Both Phale and Tsebe were included in the judicial process and decision despite the fact that Tsebe had already died before the Court could render a verdict. This was because both his lawyers and the state wanted the original application to be heard.

In the ruling, Justice Edwin Cameron reasoned, “when the constitution was adopted in 96 we as a nation chose a path to create a new society based among others the values of human dignity and the advancement of human rights and the court holds that handing over someone to a state will be a breach of the state’s obligation.”

The South African government voiced concerns over the ruling. The government was highly concerned that South Africa could be perceived “as a safe haven for illegal foreigners and fugitives from justice”. Acting Justice Zondo said that the situation would not arise “if countries seeking an extradition of someone in Mr. Phale’s position would be prepared to give the requisite assurance”.

Meanwhile, Amnesty International Africa Deputy Director Noel Kututwa said that the Constitutional Court’s decision is meant to exemplify to other states who have abolished the death penalty that they cannot simply “wash their hands” of their possible contribution to death sentences elsewhere. “Under international law, an abolitionist state is absolutely prohibited from forcibly transferring a person, who could be subject to the death penalty, to a retentionist State, unless reliable assurances have been obtained which effectively eliminates that risk,” Kututwa added.

 

For further information, please see:

Amnesty International – Landmark Legal Ruling says South Africa Cannot Deport People at Risk of Death Penalty – 30 July 2012

East Coast Radio – Concourt Upholds Death Penalty Ruling – 27 July 2012

Eyewitness News – Death Penalty Ruling Welcomed – 27 July 2012

Business Day – Top Court Clamps Down on Extradition to Death- Penalty Countries – 27 July 2012

SABC News – Two Botswana Citizens won’t be Deported – 27 July 2012

DRC Combats Sexual Violence with Mobile Gender Courts

By Tara Pistorese
Impunity Watch Reporter, Africa

KINSHASA, Democratic Republic of the Congo—Since 1996, approximately 500,000 people in the Democratic Republic of the Congo (DRC) have fallen victim to sexual violence according to United Nations (UN) estimates. Although UN members and the Security Council have condemned the sexually motivated injustice, the sufferers of these violent crimes are often stigmatized by their own communities and rarely see their attackers brought to justice.

Mobile court hears a rape case in South Kivu. (Photo Courtesy of ABA Rule of Law Initiative)

“As violence escalates in the eastern [DRC], I am deeply concerned that sexual violence is once again a pattern of the conflict,” said the acting Special Representative of the Secretary-General on Sexual Violence in Conflict, Vijay Nambiar, in a statement. “In the context of illegal activities of armed groups, serious crimes have been reported.”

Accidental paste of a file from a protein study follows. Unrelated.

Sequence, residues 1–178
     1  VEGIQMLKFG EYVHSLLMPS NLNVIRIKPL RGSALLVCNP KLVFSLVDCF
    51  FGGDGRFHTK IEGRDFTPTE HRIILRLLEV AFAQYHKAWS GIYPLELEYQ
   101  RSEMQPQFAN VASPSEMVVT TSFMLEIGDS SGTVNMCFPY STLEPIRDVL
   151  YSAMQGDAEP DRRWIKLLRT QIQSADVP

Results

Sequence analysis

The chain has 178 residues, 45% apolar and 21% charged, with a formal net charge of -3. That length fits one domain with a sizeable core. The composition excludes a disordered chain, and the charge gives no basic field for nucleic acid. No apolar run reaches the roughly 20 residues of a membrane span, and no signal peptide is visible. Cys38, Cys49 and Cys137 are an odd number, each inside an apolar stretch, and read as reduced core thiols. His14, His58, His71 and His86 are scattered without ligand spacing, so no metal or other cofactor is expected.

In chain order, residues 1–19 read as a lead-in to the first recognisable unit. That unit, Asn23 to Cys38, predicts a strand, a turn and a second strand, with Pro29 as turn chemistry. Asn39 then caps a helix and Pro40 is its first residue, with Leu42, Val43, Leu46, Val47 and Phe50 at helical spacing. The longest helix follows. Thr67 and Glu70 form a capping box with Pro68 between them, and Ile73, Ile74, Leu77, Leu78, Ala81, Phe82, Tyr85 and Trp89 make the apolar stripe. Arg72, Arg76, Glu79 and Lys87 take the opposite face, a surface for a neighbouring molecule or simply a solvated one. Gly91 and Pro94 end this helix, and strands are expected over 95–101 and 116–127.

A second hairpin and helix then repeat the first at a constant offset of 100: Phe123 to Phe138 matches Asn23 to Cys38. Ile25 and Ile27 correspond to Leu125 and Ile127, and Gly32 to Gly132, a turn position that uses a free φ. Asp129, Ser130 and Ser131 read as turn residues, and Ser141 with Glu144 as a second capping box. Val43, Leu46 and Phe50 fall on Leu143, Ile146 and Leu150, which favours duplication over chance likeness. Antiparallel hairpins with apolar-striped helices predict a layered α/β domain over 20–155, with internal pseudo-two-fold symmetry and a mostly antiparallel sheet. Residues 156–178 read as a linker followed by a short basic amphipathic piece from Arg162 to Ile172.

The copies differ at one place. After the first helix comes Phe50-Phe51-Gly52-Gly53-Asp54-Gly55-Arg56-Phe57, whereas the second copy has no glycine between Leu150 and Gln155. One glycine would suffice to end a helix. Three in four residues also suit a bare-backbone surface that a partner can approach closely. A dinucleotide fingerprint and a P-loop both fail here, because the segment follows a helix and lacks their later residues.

A lack of funding and issues of integrity have contributed to the overall failure to bring many perpetrators of these crimes to justice in DRC. Moreover, many victims are unable to reach a police station or afford the costs of bringing a case to trial.

Specifically, in South Kivu in 2005, fewer than 142 of incidents of sexual violence faced a tribunal, although 14,200 were recorded that year. Similar failures have surfaced within DRC’s national courts, although the Ituri district boasts some progress, including ten recent rape convictions.

In an effort to curb judicial shortcomings, a project was initiated in South Kivu in 2009 whereby mobile courts travel from city to city to bring justice to the victims of sexual violence. The mobile gender courts—supported by the Open Society Justice Initiative, the American Bar Association Rule of Law Initiative, and the Open Society Institute for Southern Africa in collaboration with the Congolese government—have emphasized locally-led justice.

The project has enjoyed considerable success. Within the first twenty months of its existence, fourteen court sessions took place, 248 cases were tried, and 140 perpetrators were convicted of rape. Mobile courts have held sessions in many cities and villages from urban regions, such Baraka and Bakavu, to more remote villages, like Kamituga and Mwenga.

However, limitations on the mobile courts call their sustainability and effectiveness into question. The itinerant agencies often require staff to travel by plane and automobile very far distances and through difficult terrain to reach remote service areas. Sadly, the courts also lack funding for basic and necessary equipment and supplies, such as paper.

Mobile trials typically last two weeks, in compliance with international law requiring crimes of this nature to conclude within three months. Additionally, this timeline provides “timely redress to individual victims in communities still struggling with the chaotic aftermath of war and political upheaval,” according to Judge Mary McGowan Davis, who was recently invited to assess the productivity of the mobile courts. On the other hand, the speed of the trials and their conclusions make important components of an effective trial, such as obtaining witnesses, very difficult.

The court sessions, which are exclusively staffed by Congolese citizens, are typically made open to the public in an effort to break down the stigma surrounding victims of sexual crimes.

 

For further information, please see:

All Africa—Africa: Mobile Gender Courts-Delivering Justice in the DRC—30 July 2012

UN News Centre—UN Official Condemns Sexual Violence by Renegade Soldiers—18 July 2012

News 24—UN Condemns Eastern DRC Attacks—17 July 2012

Open Society Initiative for Southern Africa—Helping to Fight Impunity for Sexual Crimes in DRC—7 May 2012